• Haleos on March 1, 2012, 15:18 GMT

    Why is age a factor to spare him? Fans are not using brains to think.

  • Haleos on March 1, 2012, 15:17 GMT

    After admitting guilt he was shameless enough to even think about appeal. ICC should have given him a life ban to make an example . Now teen age cricketers will feel they can cheat and get away with it.

  • on March 1, 2012, 14:39 GMT

    Dear Amir, Please rethink about your decision as there is no harm in trying and you might get the benefit of being too young to actually be spoiled. People do have feelings and they might forgive you or reduce your suspension. What ever the reason was behind all this controversy, being a fan, i am sure you were misled by others into all this. I am sure, PCB has decided to help you financially as well, not for fighting the case but during your rehabilitation process. The change in the PCB management has been for good and Inshallah it will prove good for you as well. So please approach the higher, in fact highest authorities and then decide whether you should appeal against the ICC ban or not to CAS. Best of Luck. May Allah bless you and show you the righteous, Pious and sincere path.

  • on March 1, 2012, 14:37 GMT

    so will he stay out of cricket for 3 more years? or they will lift the ban?

  • Ozzbozz on March 1, 2012, 14:28 GMT

    Common sense has prevailed as I think he would have lost because he pled guilty. Now hopefully he'll come back in the future with a more mature attitude and with a better understanding of how he should behave, no doubt that little detention in Feltham would have made more of a mark on him than any sort of ban, he will not want to go back. On the other hand I hope the other two, do appeal and then the CAS decide nah I think we should increase your bans. I never want to see them two anywhere near a cricket pitch, ever.

  • Guthers007 on March 1, 2012, 14:24 GMT

    So, Amir has grabbed his brains and accepted that he is as guilty as all sin and deserves the 5 year ban. Hooray, perhaps we can now move on from this circus!!!

  • on March 1, 2012, 14:22 GMT

    local news channels are reporting that ICC Is clearing Amir in couple of months

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  • on March 1, 2012, 14:22 GMT

    local news channels are reporting that ICC Is clearing Amir in couple of months

  • Guthers007 on March 1, 2012, 14:24 GMT

    So, Amir has grabbed his brains and accepted that he is as guilty as all sin and deserves the 5 year ban. Hooray, perhaps we can now move on from this circus!!!

  • Ozzbozz on March 1, 2012, 14:28 GMT

    Common sense has prevailed as I think he would have lost because he pled guilty. Now hopefully he'll come back in the future with a more mature attitude and with a better understanding of how he should behave, no doubt that little detention in Feltham would have made more of a mark on him than any sort of ban, he will not want to go back. On the other hand I hope the other two, do appeal and then the CAS decide nah I think we should increase your bans. I never want to see them two anywhere near a cricket pitch, ever.

  • on March 1, 2012, 14:37 GMT

    so will he stay out of cricket for 3 more years? or they will lift the ban?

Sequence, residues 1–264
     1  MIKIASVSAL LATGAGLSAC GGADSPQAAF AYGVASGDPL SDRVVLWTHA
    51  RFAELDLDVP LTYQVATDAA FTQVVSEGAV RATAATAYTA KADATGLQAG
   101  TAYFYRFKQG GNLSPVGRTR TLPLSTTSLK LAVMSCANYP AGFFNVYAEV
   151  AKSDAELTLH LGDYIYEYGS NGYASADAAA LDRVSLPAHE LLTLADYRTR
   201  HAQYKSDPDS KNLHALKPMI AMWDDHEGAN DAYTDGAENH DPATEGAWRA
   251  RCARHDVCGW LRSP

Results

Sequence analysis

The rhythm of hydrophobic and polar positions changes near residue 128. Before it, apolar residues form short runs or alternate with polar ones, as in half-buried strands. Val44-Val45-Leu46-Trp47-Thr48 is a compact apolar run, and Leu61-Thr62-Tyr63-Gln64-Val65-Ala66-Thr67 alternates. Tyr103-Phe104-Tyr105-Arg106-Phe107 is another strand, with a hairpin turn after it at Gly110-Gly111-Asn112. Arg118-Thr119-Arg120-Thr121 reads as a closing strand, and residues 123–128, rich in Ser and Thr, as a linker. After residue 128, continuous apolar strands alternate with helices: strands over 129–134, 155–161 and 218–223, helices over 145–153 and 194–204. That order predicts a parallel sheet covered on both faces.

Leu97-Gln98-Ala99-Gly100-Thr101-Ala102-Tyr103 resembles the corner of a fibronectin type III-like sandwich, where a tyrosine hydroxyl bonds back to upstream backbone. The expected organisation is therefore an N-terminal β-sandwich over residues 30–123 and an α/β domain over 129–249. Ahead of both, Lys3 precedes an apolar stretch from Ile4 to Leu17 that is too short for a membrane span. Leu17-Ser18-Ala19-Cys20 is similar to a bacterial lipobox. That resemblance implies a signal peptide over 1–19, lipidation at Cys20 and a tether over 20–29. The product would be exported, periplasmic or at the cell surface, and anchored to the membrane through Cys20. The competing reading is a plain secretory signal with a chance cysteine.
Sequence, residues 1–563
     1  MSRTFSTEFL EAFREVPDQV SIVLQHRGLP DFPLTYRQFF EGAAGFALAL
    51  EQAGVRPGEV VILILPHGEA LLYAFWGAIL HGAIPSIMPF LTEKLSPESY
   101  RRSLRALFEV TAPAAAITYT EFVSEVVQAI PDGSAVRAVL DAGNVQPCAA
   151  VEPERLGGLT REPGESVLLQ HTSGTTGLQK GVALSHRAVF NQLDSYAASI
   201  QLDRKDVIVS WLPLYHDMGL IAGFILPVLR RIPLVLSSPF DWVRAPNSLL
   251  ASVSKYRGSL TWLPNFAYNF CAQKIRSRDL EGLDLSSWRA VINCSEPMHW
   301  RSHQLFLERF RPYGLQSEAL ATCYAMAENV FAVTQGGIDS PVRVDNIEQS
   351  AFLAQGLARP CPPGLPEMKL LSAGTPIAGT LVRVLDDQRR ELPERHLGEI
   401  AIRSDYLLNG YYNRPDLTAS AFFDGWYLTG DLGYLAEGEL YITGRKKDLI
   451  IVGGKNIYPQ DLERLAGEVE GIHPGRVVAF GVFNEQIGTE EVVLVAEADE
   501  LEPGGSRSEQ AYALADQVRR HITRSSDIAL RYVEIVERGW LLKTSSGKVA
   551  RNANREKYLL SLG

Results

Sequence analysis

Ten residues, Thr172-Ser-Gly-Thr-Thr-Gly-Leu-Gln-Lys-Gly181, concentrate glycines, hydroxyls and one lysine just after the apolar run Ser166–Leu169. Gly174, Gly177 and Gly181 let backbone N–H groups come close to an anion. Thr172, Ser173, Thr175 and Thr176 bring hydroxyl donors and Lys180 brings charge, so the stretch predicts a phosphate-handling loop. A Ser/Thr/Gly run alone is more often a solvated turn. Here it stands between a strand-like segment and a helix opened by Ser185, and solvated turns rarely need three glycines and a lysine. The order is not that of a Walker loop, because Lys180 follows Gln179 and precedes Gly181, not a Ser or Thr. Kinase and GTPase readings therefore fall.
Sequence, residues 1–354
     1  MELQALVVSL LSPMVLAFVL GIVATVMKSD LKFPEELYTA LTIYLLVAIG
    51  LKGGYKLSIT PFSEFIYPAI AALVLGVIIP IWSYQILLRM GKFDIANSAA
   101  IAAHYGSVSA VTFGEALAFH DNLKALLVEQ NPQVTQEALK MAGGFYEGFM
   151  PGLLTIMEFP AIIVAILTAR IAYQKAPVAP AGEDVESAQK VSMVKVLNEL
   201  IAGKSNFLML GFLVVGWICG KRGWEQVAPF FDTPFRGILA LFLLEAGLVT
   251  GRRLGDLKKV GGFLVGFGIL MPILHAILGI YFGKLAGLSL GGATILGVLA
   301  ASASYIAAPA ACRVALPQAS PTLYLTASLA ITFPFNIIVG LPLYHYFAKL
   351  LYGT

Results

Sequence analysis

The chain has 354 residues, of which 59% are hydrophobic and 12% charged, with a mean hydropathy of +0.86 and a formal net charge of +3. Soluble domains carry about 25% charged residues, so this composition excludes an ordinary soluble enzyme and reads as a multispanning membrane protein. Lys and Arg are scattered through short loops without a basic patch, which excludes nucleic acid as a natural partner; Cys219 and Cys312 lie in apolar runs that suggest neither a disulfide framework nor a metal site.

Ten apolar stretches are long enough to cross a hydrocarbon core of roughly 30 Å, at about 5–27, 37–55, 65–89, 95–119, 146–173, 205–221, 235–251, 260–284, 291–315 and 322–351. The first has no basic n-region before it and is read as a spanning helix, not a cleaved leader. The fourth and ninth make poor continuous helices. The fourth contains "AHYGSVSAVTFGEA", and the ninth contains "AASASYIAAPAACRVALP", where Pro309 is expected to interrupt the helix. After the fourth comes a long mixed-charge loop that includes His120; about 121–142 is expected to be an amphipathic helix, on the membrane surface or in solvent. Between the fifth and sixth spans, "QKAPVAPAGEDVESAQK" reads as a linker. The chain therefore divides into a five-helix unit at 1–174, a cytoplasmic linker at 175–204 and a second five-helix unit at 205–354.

• on March 1, 2012, 14:39 GMT

    Dear Amir, Please rethink about your decision as there is no harm in trying and you might get the benefit of being too young to actually be spoiled. People do have feelings and they might forgive you or reduce your suspension. What ever the reason was behind all this controversy, being a fan, i am sure you were misled by others into all this. I am sure, PCB has decided to help you financially as well, not for fighting the case but during your rehabilitation process. The change in the PCB management has been for good and Inshallah it will prove good for you as well. So please approach the higher, in fact highest authorities and then decide whether you should appeal against the ICC ban or not to CAS. Best of Luck. May Allah bless you and show you the righteous, Pious and sincere path.

  • Haleos on March 1, 2012, 15:17 GMT

    After admitting guilt he was shameless enough to even think about appeal. ICC should have given him a life ban to make an example . Now teen age cricketers will feel they can cheat and get away with it.

  • Haleos on March 1, 2012, 15:18 GMT

    Why is age a factor to spare him? Fans are not using brains to think.

  • nathangonmad on March 1, 2012, 15:25 GMT

    I do hope they let him at least play first-class cricket. Surely they must show some leniency due to his age.

  • Suleman1 on March 1, 2012, 15:45 GMT

    No-one really knows the real story behind all this !! Anyway I am sure he will be playing domestic cricket sooner rather later. He will have to wait for international cricket for at least another 2 years. What a massive talent wasted for a couple of years!! Still wish him good luck. It will be a memorable day when he will return in the green shirt and take his wicket ...

  • rish5107 on March 1, 2012, 16:01 GMT

    Amir willfully took part in spot fixing, whether he was force by others or got influenced by others putting pressure on him is irrelevant. Anybody involved in match fixing has actually betrayed his country and his people. Its a shame that Pakistani are still proud of him, thinking of bringing him back into their team, ridiculous.

    no matter how good a bowler he is, the big question is do u want someone who has betrayed the country, to represent the country again.

    the country doesn't need him, give a chance to someone who loves his country and wud never betray the country, there a lot of talent in Pakistan, prolly much better than him.